Going Upriver: The Long War of John Kerry

One the of criticisms of John Kerry's candidacy for President is that while he has been in the Senate for nearly twenty years, he talks about this minimally and instead talks about his experiences in Vietnam.  To his supporters, these experiences demonstrate his leadership skills and are one of the reasons he should be elected President.  Whichever side of the aisle one falls on, it is clear that John Kerry's experiences in Vietnam profoundly changed him and the way he looked at life.  Although Going Upriver: The Long War of John Kerry is clearly on the side of Kerry, it is less about politics and more about history.  This is a fairly non-partisan biography of a historical figure, similar to one that would air on PBS or any news channel. 

Kerry had a middle class background, and his college friends at Yale remembered that he was always busy doing something. When the call came to enlist for the Vietnam War, Kerry felt that it was his duty to do so. The military needed educated able young men, and Kerry fit the bill. One of the more interesting things that director George Butler (Endurance, In the Blood) does is move pretty quickly over Kerry's time in Vietnam. It was clear that he demonstrated leadership among his men, and the people who served under him have the highest praise for their commanding officer. What is not in the film is the brouhaha erupting over the awarding of his medals. A group called the Swift Boat Veterans has challenged those medals, alleging that Kerry did not deserve them. But that is not the point of Going Upriver.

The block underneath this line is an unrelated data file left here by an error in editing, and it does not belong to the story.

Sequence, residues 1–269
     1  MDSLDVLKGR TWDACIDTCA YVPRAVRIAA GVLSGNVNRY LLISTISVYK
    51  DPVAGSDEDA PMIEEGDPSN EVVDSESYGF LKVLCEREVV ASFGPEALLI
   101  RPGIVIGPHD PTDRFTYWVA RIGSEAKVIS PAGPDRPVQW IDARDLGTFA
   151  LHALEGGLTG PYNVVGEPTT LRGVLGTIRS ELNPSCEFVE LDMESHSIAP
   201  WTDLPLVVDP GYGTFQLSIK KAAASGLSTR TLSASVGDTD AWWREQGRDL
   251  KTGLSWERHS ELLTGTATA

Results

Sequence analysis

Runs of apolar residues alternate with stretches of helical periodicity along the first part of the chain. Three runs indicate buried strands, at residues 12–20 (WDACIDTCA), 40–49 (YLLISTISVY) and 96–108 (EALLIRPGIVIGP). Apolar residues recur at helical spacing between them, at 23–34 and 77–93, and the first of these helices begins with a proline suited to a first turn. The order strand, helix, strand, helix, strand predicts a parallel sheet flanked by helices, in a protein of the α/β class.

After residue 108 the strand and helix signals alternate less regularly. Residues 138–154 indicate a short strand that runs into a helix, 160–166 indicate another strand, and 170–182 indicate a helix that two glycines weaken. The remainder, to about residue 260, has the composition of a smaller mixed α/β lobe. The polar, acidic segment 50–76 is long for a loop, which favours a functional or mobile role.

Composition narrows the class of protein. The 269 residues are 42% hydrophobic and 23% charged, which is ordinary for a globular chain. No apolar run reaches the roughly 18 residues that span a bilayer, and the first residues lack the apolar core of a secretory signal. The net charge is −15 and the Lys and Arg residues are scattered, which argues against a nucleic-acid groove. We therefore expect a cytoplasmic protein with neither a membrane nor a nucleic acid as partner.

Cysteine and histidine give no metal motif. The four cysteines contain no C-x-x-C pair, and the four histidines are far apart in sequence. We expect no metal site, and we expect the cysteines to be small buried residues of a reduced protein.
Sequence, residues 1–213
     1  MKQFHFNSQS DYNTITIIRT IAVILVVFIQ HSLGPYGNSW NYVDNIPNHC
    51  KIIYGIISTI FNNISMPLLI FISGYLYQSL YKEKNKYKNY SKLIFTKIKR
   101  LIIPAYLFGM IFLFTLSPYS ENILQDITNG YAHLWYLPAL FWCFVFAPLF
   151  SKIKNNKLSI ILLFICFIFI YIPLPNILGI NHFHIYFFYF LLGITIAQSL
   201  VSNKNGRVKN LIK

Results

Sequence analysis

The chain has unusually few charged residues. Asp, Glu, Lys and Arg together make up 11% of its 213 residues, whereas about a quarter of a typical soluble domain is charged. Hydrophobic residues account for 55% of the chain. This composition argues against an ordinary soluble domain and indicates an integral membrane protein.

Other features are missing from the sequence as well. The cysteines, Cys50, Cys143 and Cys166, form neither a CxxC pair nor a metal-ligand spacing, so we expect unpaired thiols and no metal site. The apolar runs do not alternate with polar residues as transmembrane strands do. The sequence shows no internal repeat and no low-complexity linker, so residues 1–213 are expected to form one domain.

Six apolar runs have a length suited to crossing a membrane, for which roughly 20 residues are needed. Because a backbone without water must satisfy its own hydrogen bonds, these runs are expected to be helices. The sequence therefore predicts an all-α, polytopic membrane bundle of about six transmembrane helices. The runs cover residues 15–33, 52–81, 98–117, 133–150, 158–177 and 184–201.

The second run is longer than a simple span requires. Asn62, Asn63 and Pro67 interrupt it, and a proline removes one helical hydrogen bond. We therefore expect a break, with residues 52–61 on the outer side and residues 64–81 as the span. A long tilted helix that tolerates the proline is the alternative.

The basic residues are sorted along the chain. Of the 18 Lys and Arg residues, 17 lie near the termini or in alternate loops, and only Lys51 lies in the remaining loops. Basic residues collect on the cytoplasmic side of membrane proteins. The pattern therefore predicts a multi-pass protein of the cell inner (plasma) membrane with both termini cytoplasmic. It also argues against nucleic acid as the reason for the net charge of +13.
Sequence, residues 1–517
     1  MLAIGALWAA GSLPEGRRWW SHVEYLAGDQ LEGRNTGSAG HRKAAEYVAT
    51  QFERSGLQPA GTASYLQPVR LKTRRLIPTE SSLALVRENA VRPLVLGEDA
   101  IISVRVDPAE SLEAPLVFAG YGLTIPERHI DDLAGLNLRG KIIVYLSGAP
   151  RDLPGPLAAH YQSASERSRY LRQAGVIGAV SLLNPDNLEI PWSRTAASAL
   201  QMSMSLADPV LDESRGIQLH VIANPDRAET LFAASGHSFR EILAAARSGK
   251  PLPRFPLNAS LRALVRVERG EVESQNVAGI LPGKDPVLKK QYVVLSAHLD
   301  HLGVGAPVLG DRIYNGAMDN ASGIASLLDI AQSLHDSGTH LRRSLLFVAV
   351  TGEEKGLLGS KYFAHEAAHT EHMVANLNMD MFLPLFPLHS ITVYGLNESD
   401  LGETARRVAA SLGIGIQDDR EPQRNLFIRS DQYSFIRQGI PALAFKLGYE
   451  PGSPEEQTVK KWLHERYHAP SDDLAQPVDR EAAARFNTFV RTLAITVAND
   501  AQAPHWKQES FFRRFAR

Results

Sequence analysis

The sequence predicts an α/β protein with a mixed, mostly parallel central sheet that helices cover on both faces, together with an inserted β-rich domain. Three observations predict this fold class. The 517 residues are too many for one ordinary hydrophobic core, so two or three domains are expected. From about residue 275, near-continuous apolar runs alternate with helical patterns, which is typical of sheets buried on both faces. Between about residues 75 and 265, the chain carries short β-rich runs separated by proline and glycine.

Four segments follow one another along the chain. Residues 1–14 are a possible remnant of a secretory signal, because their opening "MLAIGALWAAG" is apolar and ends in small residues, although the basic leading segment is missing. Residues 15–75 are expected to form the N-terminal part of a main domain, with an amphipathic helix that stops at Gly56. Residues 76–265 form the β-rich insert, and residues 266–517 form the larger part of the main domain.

The real story begins when Kerry returned home. After seeing the horror of war in Vietnam, and the treatment of soldiers upon their return, Kerry began demonstrating against the war. Unlike many of the other demonstrators, he did not look anti-establishment. He was well spoken, had short hair, and a great education. In other words, he was somebody that Senators and Representatives could relate to. Because of this, he became the most visible person in the anti-war veteran's movement, enough so to testify in front of Congress, which gave him national exposure. Again, it is important to point out that regardless of what one thinks about Kerry's actions in protesting the war, it is easy to see that he was an effective leader in the movement. Vietnam changed him profoundly, and he was doing what he felt was the right thing to do.

Going Upriver was adapted by Joseph Dorman (Endurance) from Douglas Brinkley's novel. Butler and Dorman let Kerry slip into the background in the middle third of the film. This allows them to give the bigger picture. They present a lot of context and background, allowing people to understand Kerry's decisions. Kerry comes across as a man who follows his principles. He does what he feels is correct. And his speech in front of the Senate Foreign Relations Committee was electrifying. He is clear and eloquent in presenting his point of view. It's especially interesting, given that over time, apparently the stentorian traditions of the Senate have changed his delivery into what it is today.

Mongoose Rates It: Pretty Good.
2 hours, 10 minutes, Rated PG-13 for disturbing images of war and some dialogue.

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